So, now that I’ve told you about my minimal experience with the series, I want to know, who here was brave enough to actually play the games?  While I have considered it from time to time, I still have been unable to bring myself to play it.  And I don’t know if I ever will.  It took all my willpower just to play Slender: The 9 Pages.  Seriously, the first time I tried, I became so terrified that I gave up upon locating the first page.  Slender Man doesn’t appear until you collect the first page, you see, and I just couldn’t bear (ha, pun not intended, wait, what?) the thought of that faceless monstrosity tracking me down.  Not long later, however, I was able to return to the game and played it many times over the course of several weeks, and I was eventually able to collect a maximum of 6 or 7 pages before I was caught.  (Honestly, though, what an unrealistic concept.  Why on earth would my character be wandering about some weird abandoned basement in the first place?)

Nevertheless, despite braving the horrors of Slender, Five Nights at Freddy’s (or FNAF, if you’d prefer to shorten it) seems so much more terrifying.  I mean, you’re stuck in this one room, just waiting for these mechanical monstrosities to come find you.  Not to mention the fact that there are four you must watch out for in the first game (maybe five, actually).  I can run from Slender Man.  I can’t run from these guys, nor would I ever choose to wander that place alone at night for fear of running into the other animatronics I wasn’t currently in the middle of running from.  Plus, Slender Man is not really that scary looking.  I mean, yeah, he’s tall and thin and has no face.  That’s scary and all, but if you squint, you could perhaps convince yourself that he’s just a tall guy in a suit.  Yeah, that’s it.  I’m merely being stalked by an unnaturally tall, faceless guy, well-dressed, mind you, that can teleport at will and strikes me blind if I look at him.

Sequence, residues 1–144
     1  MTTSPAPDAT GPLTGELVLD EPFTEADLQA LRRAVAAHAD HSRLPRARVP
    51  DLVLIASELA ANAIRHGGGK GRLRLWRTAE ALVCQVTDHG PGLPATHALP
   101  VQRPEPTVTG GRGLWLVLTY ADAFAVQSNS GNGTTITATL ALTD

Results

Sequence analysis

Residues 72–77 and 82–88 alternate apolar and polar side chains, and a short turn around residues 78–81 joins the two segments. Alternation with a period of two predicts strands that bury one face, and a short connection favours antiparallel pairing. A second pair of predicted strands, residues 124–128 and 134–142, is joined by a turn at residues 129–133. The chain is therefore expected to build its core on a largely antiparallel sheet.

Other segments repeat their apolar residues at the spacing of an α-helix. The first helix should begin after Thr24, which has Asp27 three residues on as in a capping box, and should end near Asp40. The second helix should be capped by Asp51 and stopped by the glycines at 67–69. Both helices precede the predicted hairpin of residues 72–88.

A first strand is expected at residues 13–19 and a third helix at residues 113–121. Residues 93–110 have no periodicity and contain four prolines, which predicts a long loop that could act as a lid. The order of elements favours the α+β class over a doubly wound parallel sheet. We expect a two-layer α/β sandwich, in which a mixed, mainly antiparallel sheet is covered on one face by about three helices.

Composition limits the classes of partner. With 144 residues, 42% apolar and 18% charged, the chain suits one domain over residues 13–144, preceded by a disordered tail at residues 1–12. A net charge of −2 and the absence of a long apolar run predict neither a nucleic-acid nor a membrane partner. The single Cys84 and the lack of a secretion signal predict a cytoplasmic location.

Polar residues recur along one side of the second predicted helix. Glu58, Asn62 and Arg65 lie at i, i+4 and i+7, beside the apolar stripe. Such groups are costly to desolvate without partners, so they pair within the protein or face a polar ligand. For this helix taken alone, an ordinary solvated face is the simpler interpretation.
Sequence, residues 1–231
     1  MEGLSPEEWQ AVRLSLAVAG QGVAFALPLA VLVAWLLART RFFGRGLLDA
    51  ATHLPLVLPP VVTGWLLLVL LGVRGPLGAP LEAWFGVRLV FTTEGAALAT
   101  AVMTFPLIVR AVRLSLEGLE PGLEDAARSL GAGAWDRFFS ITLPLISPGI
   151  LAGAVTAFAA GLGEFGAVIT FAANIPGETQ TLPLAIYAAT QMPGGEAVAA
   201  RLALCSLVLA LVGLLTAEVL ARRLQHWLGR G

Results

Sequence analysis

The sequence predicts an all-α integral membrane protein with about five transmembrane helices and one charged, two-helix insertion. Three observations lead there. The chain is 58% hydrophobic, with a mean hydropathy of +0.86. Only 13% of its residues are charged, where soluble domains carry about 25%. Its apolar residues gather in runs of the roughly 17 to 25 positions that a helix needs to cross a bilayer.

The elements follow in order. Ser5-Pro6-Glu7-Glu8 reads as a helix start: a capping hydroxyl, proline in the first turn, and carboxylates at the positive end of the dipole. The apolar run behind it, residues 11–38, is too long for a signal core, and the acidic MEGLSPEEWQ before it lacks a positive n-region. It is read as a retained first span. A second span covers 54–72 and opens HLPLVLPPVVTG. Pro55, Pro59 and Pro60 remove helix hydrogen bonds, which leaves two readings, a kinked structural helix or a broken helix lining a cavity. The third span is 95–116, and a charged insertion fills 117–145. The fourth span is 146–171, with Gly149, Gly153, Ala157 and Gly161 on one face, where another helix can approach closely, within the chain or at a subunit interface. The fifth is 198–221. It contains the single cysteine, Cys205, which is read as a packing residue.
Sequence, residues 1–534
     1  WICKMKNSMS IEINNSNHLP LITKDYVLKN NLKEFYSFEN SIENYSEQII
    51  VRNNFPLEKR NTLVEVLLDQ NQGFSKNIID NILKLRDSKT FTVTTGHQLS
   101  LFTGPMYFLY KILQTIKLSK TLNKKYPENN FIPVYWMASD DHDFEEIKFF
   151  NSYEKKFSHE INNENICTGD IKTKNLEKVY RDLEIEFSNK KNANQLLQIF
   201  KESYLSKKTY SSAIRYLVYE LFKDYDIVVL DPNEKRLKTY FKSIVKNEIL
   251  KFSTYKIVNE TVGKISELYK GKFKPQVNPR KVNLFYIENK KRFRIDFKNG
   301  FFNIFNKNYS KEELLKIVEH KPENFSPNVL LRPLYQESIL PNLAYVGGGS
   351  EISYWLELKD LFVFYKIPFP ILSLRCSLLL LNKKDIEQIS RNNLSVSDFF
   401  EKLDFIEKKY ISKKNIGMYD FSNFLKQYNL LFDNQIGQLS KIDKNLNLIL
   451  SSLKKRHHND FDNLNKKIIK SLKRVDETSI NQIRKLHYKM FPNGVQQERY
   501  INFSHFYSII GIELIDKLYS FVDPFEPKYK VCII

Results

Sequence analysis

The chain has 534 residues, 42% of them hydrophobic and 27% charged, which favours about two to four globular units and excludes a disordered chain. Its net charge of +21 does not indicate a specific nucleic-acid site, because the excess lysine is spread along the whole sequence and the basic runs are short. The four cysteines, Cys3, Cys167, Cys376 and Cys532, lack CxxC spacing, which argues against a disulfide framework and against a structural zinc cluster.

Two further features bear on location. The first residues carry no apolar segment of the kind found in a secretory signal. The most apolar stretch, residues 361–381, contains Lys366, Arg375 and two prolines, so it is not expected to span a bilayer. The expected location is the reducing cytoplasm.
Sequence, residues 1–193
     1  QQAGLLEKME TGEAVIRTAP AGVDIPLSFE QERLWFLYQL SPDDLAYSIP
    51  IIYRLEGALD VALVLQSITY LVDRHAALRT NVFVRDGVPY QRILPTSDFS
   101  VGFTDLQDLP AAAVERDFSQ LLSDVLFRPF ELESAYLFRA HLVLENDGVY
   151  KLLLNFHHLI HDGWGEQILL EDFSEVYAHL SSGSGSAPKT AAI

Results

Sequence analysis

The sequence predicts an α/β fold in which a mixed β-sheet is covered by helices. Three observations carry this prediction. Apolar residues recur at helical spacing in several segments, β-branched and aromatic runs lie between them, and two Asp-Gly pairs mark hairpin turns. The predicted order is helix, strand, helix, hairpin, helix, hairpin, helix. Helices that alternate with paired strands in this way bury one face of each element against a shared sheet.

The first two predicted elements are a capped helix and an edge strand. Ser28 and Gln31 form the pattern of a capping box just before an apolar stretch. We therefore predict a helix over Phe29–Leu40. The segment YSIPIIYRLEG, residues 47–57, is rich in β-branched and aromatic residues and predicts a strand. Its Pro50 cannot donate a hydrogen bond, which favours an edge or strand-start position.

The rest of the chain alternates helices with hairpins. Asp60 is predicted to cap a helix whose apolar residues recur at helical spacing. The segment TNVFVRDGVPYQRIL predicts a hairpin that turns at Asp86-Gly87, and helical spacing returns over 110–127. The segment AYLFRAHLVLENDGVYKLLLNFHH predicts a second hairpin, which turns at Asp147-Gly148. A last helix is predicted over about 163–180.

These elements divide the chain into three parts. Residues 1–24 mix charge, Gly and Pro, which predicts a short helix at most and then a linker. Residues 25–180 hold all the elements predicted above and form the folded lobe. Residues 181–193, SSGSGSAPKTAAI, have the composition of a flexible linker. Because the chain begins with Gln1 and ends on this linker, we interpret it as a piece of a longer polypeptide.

Okay, yes, I admit it.  Slender Man still gives me the chills.

The animatronics of FNAF are just scarier.  That’s it.  Looking into their lifeless eyes and catching the glint of a second set of teeth within their jaws is just frightening.  If you’re brave enough to play these games, I am impressed.  Because there’s a really good chance I never will.  Ever.  Unless I mute it and close my eyes.  And make someone else do it for me.  Watching the games was an experience I won’t soon forget.

(Edit: Clearly I spoke too soon.  As of writing this, I was too afraid to play this game.  As of publishing this article, however, I have overcome my crippling fear.  So you’ll be hearing more about this game in the future….)

Five Nights at Ducky’s

8 thoughts on “FNAF: It’s Just Too Scary”

  1. I played the 5 nights on the first game. It was scary at first because of the whole waiting part of it. In most other horror games I’m walking my way in, but in FNAF I’m waiting for them to come to me. It stopped being as scary once I adjusted to it and learnt what to expect from the system. I watched all of the other games; To be honest, I don’t really enjoy the gameplay and I find it far more entertaining to delve into the theories and watch people’s reactions. I feel like I want to be a fan though and so should buy all the games eventually. The animatronics are really creepy, yet fun at the same time. I’m really looking forward to the film that may arise from this too.

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    1. That’s one thing I found interesting about the game, how you have to wait for the animatronics to come to you rather than being able to actively avoid them. I have played another horror game, Slender: The 9 Pages, a few times in the past, and you can just avoid Slender Man, which is not an option in FNAF. It’s rather frightening being stuck in one place. It forces you to make decisions to keep the characters away as opposed to just running from them.

      I agree that the theories for the games and the reactions people have while playing is really the best part of FNAF. I love the interesting backstory, and I love simply watching people get terrified. And I do love the design of the animatronics. These kinds of details make the games more than just another horror series that’ll be replaced once the next scary thing comes out. I’m excited about the movie, too. I just hope it has an interesting story like the games and isn’t just about “jumpscares” and things like that.